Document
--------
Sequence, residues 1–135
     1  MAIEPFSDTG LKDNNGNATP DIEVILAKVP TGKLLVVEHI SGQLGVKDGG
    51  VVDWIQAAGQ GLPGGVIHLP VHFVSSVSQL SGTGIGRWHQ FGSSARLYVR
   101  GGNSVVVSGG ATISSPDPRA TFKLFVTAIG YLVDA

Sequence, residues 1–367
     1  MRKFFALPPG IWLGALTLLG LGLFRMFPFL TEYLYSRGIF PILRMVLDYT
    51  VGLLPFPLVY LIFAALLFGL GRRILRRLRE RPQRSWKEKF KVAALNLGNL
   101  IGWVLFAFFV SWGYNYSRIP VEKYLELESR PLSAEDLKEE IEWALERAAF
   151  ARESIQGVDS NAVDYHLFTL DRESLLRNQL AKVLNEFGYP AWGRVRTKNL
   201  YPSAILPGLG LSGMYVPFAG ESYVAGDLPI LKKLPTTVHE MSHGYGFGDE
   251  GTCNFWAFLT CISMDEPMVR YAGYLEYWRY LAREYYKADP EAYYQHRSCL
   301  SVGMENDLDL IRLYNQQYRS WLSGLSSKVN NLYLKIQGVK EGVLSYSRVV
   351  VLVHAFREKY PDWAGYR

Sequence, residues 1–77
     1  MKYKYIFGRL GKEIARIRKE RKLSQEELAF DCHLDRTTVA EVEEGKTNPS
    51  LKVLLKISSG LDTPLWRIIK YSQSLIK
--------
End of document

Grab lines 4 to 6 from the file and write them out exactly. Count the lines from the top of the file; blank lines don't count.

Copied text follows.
   101  GGNSVVVSGG ATISSPDPRA TFKLFVTAIG YLVDA

Sequence, residues 1–367
     1  MRKFFALPPG IWLGALTLLG LGLFRMFPFL TEYLYSRGIF PILRMVLDYT